SPRINGHILL – The road to victory for the NDP in the upcoming byelection in Cumberland South won’t be easy.
It will be every bit as bumpy, rough and rugged as the streets of Springhill, but that’s not stopping them from forging ahead.
“Springhill is where we would really love to gain ground, and this time we’re going to have a headquarters in Springhill, something we haven’t had in past elections,” said Larry Duchesne.
Duchesne’s nomination as the NDP candidate for Cumberland South went unopposed at the NDP nomination meeting Saturday afternoon at the All Saints Parrish Hall on Main Street in Springhill. About 20 people attended the meeting, including Nova Scotia NDP leader Gary Burrill, high-profile MLA Lenore Zann, and NDP royalty, Alexa McDonough, former leader of both the federal and Nova Scotia NDP.
Duchesne, is 69-years-old and lives in Oxford. Originally from Bedford, he is a retired school teacher and newspaper reporter. He ran on the NDP ticket in Cumberland South in 2013 and 2017, and was the leader of the NDP on Prince Edward Island from 1991 to 1995. He is the father of four children, all living and working in Nova Scotia.
Duchensne believes Cumberland South and the NDP are a good fit.
“In Cumberland South we have some of the oldest and some of the poorest people in the province,” said Duchesne. “If we had a progressive government we stand to benefit a lot from improvements in social policy and job creation but we’re just not seeing it.”
Duchesne says a new elementary school in Springhill and the fixing of the Rainbow Bridge between Amherst and Springhill is something all candidates from all parties can get behind. What sets him apart is that he would like to see Nova Scotia Department of Economic and Rural Development do much more to create jobs for Cumberland South.
“That’s where the potential becomes reality, when you have people working fulltime to identify opportunities and too see them through,” said Duchesne. “More government involvement in job creation is what we need and I think we’re only going to get that kind of involvement from our party.”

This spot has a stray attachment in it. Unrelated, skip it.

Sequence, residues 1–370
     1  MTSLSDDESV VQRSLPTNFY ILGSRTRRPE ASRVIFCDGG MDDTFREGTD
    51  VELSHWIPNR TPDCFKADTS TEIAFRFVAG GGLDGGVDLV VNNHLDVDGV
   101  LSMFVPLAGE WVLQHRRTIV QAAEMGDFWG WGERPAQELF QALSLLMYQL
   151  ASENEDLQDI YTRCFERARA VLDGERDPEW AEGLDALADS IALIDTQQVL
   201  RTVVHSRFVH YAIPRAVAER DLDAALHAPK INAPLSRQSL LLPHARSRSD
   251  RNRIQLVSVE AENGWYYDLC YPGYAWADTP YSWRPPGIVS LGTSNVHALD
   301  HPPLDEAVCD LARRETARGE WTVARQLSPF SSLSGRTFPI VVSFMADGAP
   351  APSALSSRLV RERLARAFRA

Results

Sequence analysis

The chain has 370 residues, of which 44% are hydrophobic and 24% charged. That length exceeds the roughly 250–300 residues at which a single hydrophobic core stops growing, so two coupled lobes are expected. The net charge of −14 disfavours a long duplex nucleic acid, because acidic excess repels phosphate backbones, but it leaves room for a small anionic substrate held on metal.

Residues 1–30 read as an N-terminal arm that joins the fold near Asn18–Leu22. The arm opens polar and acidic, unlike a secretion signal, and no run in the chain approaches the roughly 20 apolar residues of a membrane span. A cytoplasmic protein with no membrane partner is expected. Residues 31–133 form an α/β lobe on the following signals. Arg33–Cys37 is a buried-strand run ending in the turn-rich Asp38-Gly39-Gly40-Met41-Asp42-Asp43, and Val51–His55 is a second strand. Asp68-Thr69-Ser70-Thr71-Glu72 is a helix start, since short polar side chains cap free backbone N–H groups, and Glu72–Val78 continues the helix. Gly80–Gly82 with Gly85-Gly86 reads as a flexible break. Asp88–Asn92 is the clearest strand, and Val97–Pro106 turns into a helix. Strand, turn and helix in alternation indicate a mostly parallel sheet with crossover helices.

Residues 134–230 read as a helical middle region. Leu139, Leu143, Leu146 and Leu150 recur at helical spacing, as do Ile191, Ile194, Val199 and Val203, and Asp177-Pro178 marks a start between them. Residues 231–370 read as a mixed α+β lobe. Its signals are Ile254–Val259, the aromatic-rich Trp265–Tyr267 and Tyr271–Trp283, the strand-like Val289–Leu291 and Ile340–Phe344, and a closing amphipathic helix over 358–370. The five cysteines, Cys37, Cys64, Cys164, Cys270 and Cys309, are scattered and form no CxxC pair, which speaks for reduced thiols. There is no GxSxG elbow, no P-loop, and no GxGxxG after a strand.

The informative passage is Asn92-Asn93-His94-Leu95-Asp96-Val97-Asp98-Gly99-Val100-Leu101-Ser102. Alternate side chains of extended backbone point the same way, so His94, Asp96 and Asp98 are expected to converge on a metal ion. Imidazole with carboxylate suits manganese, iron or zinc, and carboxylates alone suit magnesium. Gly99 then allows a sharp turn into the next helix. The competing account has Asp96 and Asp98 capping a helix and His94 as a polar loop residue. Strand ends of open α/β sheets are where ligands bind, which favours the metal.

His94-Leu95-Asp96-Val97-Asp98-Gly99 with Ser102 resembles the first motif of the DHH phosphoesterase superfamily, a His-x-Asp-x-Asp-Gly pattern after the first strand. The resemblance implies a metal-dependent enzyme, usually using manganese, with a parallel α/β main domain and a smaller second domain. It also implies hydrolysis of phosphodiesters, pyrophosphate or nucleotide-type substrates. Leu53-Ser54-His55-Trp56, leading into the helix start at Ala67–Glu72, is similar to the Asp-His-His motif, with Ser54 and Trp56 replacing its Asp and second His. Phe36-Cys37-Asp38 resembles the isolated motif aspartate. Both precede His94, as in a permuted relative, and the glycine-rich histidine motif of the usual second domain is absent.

He also believes a vote for the NDP is a vote against the status quo.
“From the Liberal government, we’re getting disempowerment, depopulation and joblessness,” said Duchesne.
“It’s not just a Cumberland South election. It’s a Nova Scotia election run in Cumberland South,” he added. “It’s going to be really interesting to see what potential the riding has and what we can achieve.”
Burrill echoed that sentiment.
“It’s a moment of regret and remorse on behalf of the people of the province relative to the decision in giving McNeil his second majority last May,” said Burrill, when discussing the re-election of Stephen McNeil's Liberal governement.
He pointed to a lack of hospital beds and the removal of regional school boards as two areas where the current Liberal government failed the people of Nova Scotia.
Zann, MLA for Truro, Bible Hill, Millbrook, Salmon River, holds several portfolios, including environment critic.
She said 84 per cent of crown lands are being clear cut, quarries are being expanded throughout Nova Scotia, and proposed gold mining threatens watersheds in Wentworth.
“Just recently they (the government) put out tenders to different companies and they are going to allow a gold mine in the Tatamagouche watershed region,” said Zann. “That watershed has rivers that run to 38 different communities, and there are six other watersheds nearby.”
She said many harmful chemicals are used in the gold mining process that harm drinking water.
McDonough believes politics needs more people like Larry Duchesne.
“I know Larry Duchesne well and I know what a decent hardworking, modest guy he is,” said McDonough after Duchesne was nominated. “He’s not a guy who ever is looking to bring attention to himself, he’s seeking attention for policies.”
Tory Rushton is the Progressive Conservative candidate in the upcoming byelection, and the Liberals currently have two candidates, Scott Lockhart and Brian Sanderson, seeking the Liberal nomination.
The Liberal nomination meeting is Sunday, April 29, at 1 p.m. at the Dr. Carson & Marion Murray Community Centre in Springhill.